Tuesday January 28, 2020

Higher Consumption of Fruits, Vegetables May Lower Death Risk in Dialysis Patients

However, "future studies exploring the potential benefits of a whole dietary approach in the hemodialysis setting are also warranted and we aim to pursue them", noted lead researcher Giovanni Strippoli, Professor from the varsity

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Anti-inflammatory
A bowl of fresh fruits a day may lower the risk of developing diabetes by 12 per cent, a study has showed. Pixabay

A higher consumption of fruits and vegetables may be associated with a lower risk of premature death in patients undergoing hemodialysis, finds a new study.

Kidney failure patients on hemodialysis are often discouraged from this type of diet due to its potential to cause a build-up of potassium.

The study showed that although a higher fruit and vegetable intake is linked with lower cardiovascular and all-cause mortality in the general population, its higher consumption is associated with lower all-cause and non-cardiovascular death in the hemodialysis population as well.

For the study, the researchers recruited 8,078 hemodialysis patients.

Green vegetable
Leafy vegetables. Pixabay

The findings, published in the Clinical Journal of the American Society of Nephrology (CJASN), showed that patients who had less than 10 servings of combined fruits and vegetables per week, had 10 per cent lower risks of death from any cause and 12 per cent lower risks of deaths from non-cardiovascular causes.

In addition, those who had more more than 10 servings had a 20 per cent lower risks of death from any cause and 23 per cent lower risks of deaths from non-cardiovascular causes.

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“These findings suggest that well-meaning guidance to limit fruit and vegetable intake to prevent higher dietary potassium load may deprive hemodialysis patients of the potential benefits of these foods. However, intervention trials of fruit and vegetable intake are needed to support dietary recommendations for hemodialysis patients,” said Associate Professor Germaine Wong from the University of Sydney.

However, “future studies exploring the potential benefits of a whole dietary approach in the hemodialysis setting are also warranted and we aim to pursue them”, noted lead researcher Giovanni Strippoli, Professor from the varsity. (IANS)

Next Story

More Vegetable Consumption May Not Cure Prostate Cancer: Study

Although the MEAL study revealed no positive impact on prostate cancer, it did demonstrate that behavioural modification can lead patients to make healthier food choices

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Cancer
According to the researchers, scientific studies have identified a strong role for changing diet to improve outcomes in diabetes and cardiovascular disease, but not in cancer. Pixabay

Patients with prostate cancer assigned to eat seven or more servings of vegetables and fruits daily saw no extra protection from the increased consumption of micronutrients, researchers have found.

Previous studies suggest that foods with high carotenoids have antioxidant properties, which can protect men from prostate cancer. Some of those foods include leafy greens, broccoli, cabbage, carrots and tomatoes. However, the study, published in the Journal of the American Medical Association, shows that eating more produce won’t cure, nor stop the disease.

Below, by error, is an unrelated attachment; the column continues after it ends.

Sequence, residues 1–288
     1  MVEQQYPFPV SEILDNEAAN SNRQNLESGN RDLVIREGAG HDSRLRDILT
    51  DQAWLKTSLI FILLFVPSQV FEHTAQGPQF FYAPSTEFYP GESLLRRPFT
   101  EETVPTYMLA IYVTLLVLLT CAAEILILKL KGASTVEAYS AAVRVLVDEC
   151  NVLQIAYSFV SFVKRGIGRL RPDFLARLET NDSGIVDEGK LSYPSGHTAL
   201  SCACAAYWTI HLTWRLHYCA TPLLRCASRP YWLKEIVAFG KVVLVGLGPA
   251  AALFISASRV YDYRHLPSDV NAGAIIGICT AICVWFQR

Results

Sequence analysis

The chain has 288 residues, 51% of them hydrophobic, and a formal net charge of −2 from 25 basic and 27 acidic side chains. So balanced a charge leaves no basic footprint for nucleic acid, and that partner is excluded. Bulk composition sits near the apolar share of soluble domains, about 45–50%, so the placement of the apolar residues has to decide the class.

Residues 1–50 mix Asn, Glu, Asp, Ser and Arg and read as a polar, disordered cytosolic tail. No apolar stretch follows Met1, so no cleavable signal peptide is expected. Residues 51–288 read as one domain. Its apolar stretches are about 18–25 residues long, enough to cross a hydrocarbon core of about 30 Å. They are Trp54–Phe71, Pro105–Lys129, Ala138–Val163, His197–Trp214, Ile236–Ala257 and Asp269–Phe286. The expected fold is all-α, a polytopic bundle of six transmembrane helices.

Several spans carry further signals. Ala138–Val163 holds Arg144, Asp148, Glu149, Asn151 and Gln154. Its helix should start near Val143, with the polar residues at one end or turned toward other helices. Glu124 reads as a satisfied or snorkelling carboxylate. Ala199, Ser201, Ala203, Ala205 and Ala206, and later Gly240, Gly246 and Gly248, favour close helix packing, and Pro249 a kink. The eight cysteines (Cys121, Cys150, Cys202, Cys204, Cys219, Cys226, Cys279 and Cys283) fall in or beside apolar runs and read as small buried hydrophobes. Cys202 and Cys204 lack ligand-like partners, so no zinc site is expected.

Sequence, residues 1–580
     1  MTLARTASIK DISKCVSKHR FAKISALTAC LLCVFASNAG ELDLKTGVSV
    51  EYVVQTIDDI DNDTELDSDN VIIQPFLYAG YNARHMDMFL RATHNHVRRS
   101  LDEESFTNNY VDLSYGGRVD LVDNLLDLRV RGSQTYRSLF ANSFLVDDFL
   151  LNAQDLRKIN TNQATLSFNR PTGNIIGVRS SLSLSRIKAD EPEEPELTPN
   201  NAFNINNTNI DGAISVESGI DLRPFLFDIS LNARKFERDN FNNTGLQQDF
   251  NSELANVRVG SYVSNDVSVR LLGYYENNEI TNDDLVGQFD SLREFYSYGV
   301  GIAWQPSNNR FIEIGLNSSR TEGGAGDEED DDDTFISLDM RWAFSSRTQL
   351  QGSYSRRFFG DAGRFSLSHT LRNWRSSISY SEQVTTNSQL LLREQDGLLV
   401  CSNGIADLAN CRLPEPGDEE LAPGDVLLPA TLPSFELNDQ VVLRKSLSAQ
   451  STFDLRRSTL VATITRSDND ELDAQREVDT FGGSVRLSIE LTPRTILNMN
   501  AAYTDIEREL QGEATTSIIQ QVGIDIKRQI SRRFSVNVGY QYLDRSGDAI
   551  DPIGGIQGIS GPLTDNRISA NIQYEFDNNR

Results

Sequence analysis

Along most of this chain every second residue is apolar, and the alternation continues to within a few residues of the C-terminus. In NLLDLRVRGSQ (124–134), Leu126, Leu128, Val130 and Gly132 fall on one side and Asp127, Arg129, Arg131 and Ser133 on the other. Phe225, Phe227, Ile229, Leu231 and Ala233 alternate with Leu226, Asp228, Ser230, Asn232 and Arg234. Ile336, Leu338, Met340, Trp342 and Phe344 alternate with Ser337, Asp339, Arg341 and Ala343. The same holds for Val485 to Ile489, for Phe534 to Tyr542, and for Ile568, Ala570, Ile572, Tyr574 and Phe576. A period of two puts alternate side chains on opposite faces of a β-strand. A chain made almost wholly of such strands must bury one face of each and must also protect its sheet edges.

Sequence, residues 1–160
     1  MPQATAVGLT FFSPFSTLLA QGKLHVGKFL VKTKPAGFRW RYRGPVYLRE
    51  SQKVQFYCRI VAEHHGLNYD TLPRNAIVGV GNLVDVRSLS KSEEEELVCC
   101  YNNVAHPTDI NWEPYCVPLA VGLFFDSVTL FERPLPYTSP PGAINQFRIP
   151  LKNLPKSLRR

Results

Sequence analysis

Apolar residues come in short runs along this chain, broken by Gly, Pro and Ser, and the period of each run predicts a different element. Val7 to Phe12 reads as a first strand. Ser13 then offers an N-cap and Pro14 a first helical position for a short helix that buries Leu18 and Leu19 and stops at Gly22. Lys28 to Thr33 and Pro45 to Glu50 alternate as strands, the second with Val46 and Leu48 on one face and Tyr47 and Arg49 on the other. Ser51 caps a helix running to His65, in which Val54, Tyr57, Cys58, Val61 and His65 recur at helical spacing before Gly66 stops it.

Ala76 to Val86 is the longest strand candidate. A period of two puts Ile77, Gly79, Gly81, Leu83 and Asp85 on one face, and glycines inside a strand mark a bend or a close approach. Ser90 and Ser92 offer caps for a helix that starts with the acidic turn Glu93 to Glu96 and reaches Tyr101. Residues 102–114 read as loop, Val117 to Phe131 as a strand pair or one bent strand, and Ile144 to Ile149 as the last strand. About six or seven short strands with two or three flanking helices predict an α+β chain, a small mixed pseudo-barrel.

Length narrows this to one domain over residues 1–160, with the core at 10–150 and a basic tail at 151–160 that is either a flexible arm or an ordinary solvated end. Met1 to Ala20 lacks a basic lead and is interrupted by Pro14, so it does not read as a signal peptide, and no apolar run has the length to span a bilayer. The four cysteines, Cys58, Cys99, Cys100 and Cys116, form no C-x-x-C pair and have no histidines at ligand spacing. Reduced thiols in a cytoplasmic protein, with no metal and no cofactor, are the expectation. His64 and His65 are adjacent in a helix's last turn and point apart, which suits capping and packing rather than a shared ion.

“These data indicate that despite prevailing scientific and public opinion, eating more vegetables will not alter the course of prostate cancer. It will not, to the best of our knowledge, suppress or cure it,” said study researcher J. Kellogg Parsons from University of California.

“However, while eating a healthy diet rich in fruits and vegetables and getting more exercise may not cure cancer, it may keep the body stronger and healthier, which may help patients tolerate cancer treatments,” Parsons added.

For The Men’s Eating and Living (MEAL) study, researchers enrolled 478 men aged 50 to 80 years at 91 sites in the US. The patients had been diagnosed with early-stage prostate adenocarcinoma and enrolled in an active surveillance programme in which patients defer immediate treatment until the disease advances.

Patients were randomised to a control group that received written information about diet and prostate cancer or to a telephone counselling behavioural intervention programme that encouraged participants to eat foods high in carotenoids, such as leafy greens, carrots and tomatoes, and cruciferous vegetables such as broccoli and cabbage.

Both groups were monitored for two years. Patients assigned to the intervention increased their intake of fruits and vegetables to a statistically significant degree, and significantly more than what control patients did. These findings were supported by significant changes in the blood carotenoid levels of the patients.

Cancer
Patients with prostate cancer assigned to eat seven or more servings of vegetables and fruits daily saw no extra protection from the increased consumption of micronutrients, researchers have found. Pixabay

“Nonetheless, these data fail to support prevailing assertions in clinical guidelines and the popular media that diets high in micronutrient-rich vegetables improve cancer-specific outcomes among prostate cancer survivors,” said study researcher James Marshall.

According to the researchers, scientific studies have identified a strong role for changing diet to improve outcomes in diabetes and cardiovascular disease, but not in cancer.

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Although the MEAL study revealed no positive impact on prostate cancer, it did demonstrate that behavioural modification can lead patients to make healthier food choices. (IANS)